• Fearsome Critters

Delivered — John Pedersen

At the risk of sounding trite, I really did receive the call early on Christmas morning. Five A.M., hazy, the second in short succession with a text in between—Please answer, this is important—and based on the sender, the unusual urgency, time of day, and our long history together, I knew exactly what had happened before I picked up. No other set of circumstances could line up so perfectly.


Graeme was dead.


He was always aggressive, prone to escalate things when provoked, and it only got worse after his time in Afghanistan, which he used to call “Afgramistan.” Told me they taught him to drive for combat over there, then stationed him far away in one of America’s unhappiest cities when he came back.


Our friend informed me that on the way home from a house party, in the early morning hours, Graeme and his wife had decided to stop at a cemetery to play Pokémon Go. But somewhere along the way there had been a road rage incident and an on-duty delivery driver tailed them in, flashing his brights, trying to bump the rear of their car.


Spurred on by an unfortunate cocktail of PTSD, the drive to protect his wife, and him just being kind of an asshole in general, Graeme approached the other vehicle with a drawn knife and was shot dead, then and there.


The police came. His wife wasn’t hurt. After antagonizing him and then killing him, the shooter was not charged, as it was clear that he was only standing his ground. America.


Merry Christmas. Graeme’s brother is also one of my closest friends. I’m sorry to call so early. I could hear the snot sticking in his mustache as he sobbed. We talked about the best way to break the news to his family.


He decided to tell his son after they opened presents that morning.


My girlfriend and I got frozen pizza and watched Blade Runner. I don’t remember too much else about that day.



But I do remember Graeme.


The distance between us forced our friendship to evolve. We texted. Every day, almost all day. But only infrequently did I speak with him directly. When I did answer the phone, he was almost always belligerently drunk. Entertaining enough for sure, but after a while he would start repeating himself, the way that drunks do.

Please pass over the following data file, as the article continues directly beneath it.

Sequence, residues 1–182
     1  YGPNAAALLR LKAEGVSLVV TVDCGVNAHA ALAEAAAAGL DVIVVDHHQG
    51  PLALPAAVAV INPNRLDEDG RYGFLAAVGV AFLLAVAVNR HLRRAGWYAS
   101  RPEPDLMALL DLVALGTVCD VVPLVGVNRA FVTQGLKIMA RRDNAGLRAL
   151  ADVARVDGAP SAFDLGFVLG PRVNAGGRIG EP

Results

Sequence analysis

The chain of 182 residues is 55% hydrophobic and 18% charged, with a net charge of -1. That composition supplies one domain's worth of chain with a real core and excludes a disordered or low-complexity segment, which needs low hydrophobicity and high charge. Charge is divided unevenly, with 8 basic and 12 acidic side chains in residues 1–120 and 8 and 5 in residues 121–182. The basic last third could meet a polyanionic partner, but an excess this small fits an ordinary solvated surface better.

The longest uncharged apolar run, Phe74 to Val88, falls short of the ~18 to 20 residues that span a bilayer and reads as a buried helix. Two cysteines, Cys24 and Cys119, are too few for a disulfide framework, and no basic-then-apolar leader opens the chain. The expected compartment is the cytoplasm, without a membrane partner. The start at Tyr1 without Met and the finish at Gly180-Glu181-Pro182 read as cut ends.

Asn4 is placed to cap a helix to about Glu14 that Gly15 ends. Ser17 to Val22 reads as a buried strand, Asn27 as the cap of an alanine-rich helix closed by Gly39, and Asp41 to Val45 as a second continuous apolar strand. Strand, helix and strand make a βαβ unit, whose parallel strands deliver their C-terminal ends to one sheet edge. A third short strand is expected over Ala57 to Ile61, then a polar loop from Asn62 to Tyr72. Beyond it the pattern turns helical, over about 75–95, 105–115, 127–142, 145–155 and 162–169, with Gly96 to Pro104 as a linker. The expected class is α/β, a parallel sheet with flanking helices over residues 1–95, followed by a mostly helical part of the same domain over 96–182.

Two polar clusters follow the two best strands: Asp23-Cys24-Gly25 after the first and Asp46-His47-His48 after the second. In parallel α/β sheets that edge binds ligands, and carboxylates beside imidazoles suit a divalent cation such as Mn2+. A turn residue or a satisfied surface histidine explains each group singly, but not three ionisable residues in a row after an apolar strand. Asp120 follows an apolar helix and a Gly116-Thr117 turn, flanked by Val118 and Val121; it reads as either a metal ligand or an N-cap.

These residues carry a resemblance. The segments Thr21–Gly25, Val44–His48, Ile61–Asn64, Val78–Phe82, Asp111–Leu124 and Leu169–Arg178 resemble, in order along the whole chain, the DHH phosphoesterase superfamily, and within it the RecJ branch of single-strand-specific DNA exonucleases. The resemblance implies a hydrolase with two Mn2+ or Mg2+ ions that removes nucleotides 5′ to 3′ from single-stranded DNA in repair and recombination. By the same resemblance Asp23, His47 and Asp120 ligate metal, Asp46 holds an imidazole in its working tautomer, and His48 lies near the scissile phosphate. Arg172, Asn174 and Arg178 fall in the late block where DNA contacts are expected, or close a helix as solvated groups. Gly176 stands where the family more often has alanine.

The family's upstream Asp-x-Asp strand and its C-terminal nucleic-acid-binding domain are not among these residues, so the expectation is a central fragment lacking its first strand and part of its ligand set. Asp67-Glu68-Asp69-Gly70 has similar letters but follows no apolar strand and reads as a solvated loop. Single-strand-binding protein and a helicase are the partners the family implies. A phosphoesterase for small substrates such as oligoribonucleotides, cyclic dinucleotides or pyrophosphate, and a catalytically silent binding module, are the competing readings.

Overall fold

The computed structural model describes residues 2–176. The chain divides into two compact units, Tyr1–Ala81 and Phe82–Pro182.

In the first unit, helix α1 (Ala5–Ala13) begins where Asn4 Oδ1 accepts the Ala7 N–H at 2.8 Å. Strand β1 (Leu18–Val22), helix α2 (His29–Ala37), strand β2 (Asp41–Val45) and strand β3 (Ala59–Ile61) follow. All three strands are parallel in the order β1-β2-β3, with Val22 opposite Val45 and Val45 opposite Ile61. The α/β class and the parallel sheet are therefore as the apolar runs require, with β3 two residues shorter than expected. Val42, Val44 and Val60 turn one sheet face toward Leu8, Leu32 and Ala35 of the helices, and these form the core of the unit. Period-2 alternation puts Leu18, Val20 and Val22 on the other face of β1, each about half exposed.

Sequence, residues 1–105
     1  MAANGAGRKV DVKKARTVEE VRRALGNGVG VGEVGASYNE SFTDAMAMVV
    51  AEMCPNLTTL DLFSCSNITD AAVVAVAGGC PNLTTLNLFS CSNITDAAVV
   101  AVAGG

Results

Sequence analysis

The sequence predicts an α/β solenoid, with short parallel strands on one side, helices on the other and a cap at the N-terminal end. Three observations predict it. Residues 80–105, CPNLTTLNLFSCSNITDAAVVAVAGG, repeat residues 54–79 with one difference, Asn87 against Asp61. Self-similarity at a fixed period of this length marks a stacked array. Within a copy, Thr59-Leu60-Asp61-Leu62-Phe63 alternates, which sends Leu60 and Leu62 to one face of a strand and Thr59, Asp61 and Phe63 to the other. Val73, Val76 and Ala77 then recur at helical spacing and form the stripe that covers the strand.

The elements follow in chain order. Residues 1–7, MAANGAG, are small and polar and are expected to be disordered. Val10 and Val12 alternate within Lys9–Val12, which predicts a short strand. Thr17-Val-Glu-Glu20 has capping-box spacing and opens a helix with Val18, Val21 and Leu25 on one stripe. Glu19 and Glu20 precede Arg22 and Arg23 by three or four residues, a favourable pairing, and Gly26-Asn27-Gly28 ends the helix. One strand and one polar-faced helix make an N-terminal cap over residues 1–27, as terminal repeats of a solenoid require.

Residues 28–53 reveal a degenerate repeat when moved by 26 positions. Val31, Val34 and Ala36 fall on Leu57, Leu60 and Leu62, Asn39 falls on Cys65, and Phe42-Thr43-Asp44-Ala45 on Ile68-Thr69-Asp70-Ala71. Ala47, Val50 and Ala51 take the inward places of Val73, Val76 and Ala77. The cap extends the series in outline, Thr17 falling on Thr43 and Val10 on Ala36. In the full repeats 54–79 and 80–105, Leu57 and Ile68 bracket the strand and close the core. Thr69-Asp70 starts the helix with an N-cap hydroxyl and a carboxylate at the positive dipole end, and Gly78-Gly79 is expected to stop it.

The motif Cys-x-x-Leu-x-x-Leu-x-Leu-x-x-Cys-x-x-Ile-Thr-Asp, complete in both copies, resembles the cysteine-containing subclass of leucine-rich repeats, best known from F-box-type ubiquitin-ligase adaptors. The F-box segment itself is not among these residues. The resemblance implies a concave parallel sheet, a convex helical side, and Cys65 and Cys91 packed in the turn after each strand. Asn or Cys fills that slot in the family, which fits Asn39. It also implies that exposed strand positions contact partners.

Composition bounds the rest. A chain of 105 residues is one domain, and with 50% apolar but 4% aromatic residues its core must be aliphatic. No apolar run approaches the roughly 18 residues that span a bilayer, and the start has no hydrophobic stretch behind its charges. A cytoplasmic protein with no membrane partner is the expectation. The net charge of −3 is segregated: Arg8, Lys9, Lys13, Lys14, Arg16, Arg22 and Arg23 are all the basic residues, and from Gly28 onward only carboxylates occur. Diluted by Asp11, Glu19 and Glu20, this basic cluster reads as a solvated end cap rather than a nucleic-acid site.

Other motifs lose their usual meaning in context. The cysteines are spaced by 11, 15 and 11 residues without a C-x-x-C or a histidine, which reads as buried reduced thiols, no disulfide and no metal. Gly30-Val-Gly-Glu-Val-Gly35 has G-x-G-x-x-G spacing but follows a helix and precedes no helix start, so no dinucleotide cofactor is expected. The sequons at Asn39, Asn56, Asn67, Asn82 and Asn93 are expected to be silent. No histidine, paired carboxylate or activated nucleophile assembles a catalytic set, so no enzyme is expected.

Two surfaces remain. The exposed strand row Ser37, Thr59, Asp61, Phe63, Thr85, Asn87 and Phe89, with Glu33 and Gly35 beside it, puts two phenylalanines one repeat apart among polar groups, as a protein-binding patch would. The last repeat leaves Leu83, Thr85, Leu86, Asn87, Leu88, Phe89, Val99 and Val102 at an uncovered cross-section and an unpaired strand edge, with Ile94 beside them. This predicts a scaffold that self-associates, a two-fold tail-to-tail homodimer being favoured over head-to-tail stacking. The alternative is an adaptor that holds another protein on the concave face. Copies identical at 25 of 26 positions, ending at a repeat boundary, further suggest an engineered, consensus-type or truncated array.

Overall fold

I had better things to do with my time.


He got upset with me once when I didn’t answer a FaceTime call. Even my good buddies don’t want to talk to me. He joked about suicide, except when it wasn’t joking. One night while I was at work, he incessantly tried my phone, tucked away in my jacket pocket. I came back to sixteen missed FaceTime calls. I felt like a teenage girl dodging an older boy who just didn’t get it.


I loved Graeme with an intensity I reserve for few things. I still do.


Texting was more convenient for me. I could say something, press send, he could respond when conducive. That’s how it works. That’s why it’s better than phone calls. Doesn’t waste anyone’s time.


It wasn’t always that way—so removed. Used to be, skateboard to his house, pull him out of whatever party was going on, grab some 40s, then skateboard more until the sun came up.


It used to be getting drunk at punk rock shows.


It used to be buying PlayStations from Best Buy and returning the boxes stuffed with phone books.


It used to be just being together, laughing. Wasting time.


But it eventually became texts. Same old thing, new medium. Texts about nerd stuff, texts about progressive politics, texts mocking the religion we both grew up in.


Texts about fights with his wife. Texts about how increasingly shut-in he felt. So many texts, texts and texts only, sometimes dozens in a row, that I didn’t always answer those either.


Then the not-joke texts would start. Those I would respond to. I had to.


I was only kidding.



There was one conversation we had, face-to-face for once, still daylight here but after dusk there. Lucid. He confessed the booze was self-medication, that things were hard. Military culture, you just had to tough it out. Masculine.


The problems were getting worse. We talked about therapy. Seemed like no other course. Something wrong physically, you went to the doctor. Something wrong with your brain, you did the same. It only made sense. No shame in finding help when you need it.


He assented.


It was only a few weeks later that I stopped getting his texts.



I was never a fighter. Once we were in Vegas, annihilated drunk, surrounded by angry Marines. I talked our way out of that one. We got lucky.


How would that night, that night with the delivery driver, how would that night have played out if we lived in the same city?


How would his whole life still be playing out had we lived closer? Me there to temper the rage that had slowly grown into self-destruction?


How would that Christmas Eve have played out if I was there laughing with him instead of here sending him sacrilegious text messages? Oh, come let us abort him.


That’s the last thing I ever said to my best friend.


My phone still says Delivered.


I don’t know if he ever found a convenient time to read it.